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Research gap analysis of remote sensing application in fisheries: prospects for achieving the sustainable development goals
Yen, K.-W.; Chen, C.-H. (2021). Research gap analysis of remote sensing application in fisheries: prospects for achieving the sustainable development goals. Remote Sens. 13(5): 1013. https://dx.doi.org/10.3390/rs13051013
In: Remote Sensing. MDPI: Basel. ISSN 2072-4292; e-ISSN 2072-4292, more
Peer reviewed article  

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Keyword
    Marine/Coastal
Author keywords
    remote sensing; fisheries; sustainability; research gaps; sustainable development goals (SDGs)

Authors  Top 
  • Yen, K.-W.
  • Chen, C.-H.

Abstract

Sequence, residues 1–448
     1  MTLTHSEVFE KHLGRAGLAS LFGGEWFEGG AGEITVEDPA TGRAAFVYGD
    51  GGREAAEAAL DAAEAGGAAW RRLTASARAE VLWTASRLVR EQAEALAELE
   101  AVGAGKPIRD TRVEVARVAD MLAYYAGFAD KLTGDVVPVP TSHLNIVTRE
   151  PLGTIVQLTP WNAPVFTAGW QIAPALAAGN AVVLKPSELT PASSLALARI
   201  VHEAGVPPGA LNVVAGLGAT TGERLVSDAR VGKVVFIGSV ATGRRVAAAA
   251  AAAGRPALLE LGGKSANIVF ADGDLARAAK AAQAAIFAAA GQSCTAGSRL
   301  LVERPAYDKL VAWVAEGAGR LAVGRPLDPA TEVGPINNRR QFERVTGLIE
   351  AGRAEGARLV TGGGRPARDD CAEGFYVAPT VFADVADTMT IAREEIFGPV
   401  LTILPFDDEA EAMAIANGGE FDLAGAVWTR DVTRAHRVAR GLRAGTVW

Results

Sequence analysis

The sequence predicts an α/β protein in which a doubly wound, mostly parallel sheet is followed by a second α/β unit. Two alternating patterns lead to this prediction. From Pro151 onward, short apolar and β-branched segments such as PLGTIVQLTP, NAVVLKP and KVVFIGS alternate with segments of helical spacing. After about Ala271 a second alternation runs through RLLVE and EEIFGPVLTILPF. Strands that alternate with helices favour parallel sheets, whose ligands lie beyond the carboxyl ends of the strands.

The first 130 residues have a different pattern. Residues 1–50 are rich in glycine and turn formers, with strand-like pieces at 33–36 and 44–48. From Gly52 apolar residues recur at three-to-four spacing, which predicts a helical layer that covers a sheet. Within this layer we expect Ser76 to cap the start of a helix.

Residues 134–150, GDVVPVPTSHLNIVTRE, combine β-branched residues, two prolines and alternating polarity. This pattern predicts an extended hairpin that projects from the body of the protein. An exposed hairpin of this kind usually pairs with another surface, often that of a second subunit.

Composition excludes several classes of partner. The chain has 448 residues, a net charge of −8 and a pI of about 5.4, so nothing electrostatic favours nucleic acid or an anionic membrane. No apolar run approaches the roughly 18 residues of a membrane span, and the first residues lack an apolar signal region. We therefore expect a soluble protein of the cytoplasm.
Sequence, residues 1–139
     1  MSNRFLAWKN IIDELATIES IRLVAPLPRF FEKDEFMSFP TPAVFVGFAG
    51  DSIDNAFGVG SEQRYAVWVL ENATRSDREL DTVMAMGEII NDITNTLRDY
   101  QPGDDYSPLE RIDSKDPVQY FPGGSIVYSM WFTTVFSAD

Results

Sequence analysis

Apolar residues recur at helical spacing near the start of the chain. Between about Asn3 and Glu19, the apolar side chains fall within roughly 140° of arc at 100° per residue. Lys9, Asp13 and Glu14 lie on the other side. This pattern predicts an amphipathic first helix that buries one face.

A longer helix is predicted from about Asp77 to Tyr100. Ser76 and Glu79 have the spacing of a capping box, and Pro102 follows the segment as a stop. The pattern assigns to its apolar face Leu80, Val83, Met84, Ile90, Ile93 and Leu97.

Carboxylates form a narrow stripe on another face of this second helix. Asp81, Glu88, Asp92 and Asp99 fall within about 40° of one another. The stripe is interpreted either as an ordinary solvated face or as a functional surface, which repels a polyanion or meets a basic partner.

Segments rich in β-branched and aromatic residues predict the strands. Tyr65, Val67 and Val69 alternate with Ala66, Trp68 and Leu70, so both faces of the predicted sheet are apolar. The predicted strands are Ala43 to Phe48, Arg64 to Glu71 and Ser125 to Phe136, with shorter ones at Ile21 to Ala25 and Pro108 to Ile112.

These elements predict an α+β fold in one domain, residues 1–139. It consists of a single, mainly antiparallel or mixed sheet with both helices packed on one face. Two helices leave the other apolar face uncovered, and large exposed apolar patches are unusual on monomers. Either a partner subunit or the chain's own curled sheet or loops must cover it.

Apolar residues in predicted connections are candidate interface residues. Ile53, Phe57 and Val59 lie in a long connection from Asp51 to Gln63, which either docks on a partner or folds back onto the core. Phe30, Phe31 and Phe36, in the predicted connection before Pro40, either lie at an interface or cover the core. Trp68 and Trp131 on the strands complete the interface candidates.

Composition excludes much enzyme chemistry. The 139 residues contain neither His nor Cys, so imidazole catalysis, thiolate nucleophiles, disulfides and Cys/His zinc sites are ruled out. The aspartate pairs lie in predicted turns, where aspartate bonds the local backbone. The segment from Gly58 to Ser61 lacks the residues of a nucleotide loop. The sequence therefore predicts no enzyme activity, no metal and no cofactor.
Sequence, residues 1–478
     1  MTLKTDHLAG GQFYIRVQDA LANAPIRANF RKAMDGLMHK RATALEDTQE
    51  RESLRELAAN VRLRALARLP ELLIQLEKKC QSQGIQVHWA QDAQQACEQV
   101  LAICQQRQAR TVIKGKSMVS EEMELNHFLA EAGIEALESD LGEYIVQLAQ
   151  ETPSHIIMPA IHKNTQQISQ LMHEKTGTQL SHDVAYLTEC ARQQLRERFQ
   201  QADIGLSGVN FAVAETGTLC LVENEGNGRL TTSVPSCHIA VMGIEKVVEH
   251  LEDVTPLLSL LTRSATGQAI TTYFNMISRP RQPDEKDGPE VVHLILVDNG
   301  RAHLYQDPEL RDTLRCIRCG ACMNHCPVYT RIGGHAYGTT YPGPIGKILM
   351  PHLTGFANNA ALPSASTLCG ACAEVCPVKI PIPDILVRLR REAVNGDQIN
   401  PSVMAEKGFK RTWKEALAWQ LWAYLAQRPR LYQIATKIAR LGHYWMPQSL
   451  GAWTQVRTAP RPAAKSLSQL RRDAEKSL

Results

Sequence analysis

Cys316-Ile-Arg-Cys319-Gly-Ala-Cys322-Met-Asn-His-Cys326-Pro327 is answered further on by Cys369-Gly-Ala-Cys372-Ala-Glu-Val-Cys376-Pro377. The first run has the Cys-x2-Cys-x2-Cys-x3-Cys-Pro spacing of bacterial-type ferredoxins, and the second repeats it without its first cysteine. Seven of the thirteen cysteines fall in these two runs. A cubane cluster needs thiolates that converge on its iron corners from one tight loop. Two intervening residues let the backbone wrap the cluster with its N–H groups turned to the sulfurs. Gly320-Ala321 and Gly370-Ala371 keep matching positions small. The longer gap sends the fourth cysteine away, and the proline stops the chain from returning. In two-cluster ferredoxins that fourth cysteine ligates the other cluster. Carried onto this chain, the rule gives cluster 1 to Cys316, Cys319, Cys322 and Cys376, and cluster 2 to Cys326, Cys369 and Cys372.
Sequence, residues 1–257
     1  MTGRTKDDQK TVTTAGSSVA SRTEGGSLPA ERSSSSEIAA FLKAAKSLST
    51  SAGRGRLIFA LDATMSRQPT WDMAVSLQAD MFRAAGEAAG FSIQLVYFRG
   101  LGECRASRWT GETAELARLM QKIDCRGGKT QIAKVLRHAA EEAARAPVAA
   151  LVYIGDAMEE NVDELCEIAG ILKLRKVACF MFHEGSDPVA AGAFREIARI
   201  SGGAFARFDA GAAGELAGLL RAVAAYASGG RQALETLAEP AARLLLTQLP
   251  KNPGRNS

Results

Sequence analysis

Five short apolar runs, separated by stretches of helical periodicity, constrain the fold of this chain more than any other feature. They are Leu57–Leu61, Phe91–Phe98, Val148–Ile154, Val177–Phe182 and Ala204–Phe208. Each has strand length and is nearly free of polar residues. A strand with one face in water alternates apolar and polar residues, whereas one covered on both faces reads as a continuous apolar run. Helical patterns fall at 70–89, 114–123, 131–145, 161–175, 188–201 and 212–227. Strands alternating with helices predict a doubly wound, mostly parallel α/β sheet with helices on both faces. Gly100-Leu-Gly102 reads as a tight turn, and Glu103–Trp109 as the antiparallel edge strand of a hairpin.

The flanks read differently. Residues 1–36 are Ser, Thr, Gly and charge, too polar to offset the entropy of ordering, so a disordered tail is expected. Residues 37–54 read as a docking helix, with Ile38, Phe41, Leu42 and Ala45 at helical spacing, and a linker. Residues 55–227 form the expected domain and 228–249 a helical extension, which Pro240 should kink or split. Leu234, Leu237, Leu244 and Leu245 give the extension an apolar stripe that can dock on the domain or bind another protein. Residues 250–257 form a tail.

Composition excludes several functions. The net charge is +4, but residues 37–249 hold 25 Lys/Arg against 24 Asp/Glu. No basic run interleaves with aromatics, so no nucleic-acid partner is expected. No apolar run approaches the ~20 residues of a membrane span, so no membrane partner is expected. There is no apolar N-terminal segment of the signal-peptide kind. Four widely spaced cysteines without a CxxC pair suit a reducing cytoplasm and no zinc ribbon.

Remote sensing (RS) technology, which can facilitate the sustainable management and development of fisheries, is easily accessible and exhibits high performance. It only requires the collection of sufficient information, establishment of databases and input of human and capital resources for analysis. However, many countries are unable to effectively ensure the sustainable development of marine fisheries due to technological limitations. The main challenge is the gap in the conditions for sustainable development between developed and developing countries. Therefore, this study applied the Web of Science database and geographic information systems to analyze the gaps in fisheries science in various countries over the past 10 years. Most studies have been conducted in the offshore marine areas of the northeastern United States of America. In addition, all research hotspots were located in the Northern Hemisphere, indicating a lack of relevant studies from the Southern Hemisphere. This study also found that research hotspots of satellite RS applications in fisheries were mainly conducted in (1) the northeastern sea area in the United States, (2) the high seas area of the North Atlantic Ocean, (3) the surrounding sea areas of France, Spain and Portugal, (4) the surrounding areas of the Indian Ocean and (5) the East China Sea, Yellow Sea and Bohai Bay sea areas to the north of Taiwan. A comparison of publications examining the three major oceans indicated that the Atlantic Ocean was the most extensively studied in terms of RS applications in fisheries, followed by the Indian Ocean, while the Pacific Ocean was less studied than the aforementioned two regions. In addition, all research hotspots were located in the Northern Hemisphere, indicating a lack of relevant studies from the Southern Hemisphere. The Atlantic Ocean and the Indian Ocean have been the subjects of many local in-depth studies; in the Pacific Ocean, the coastal areas have been abundantly investigated, while offshore local areas have only been sporadically addressed. Collaboration and partnership constitute an efficient approach for transferring skills and technology across countries. For the achievement of the sustainable development goals (SDGs) by 2030, research networks can be expanded to mitigate the research gaps and improve the sustainability of marine fisheries resources.

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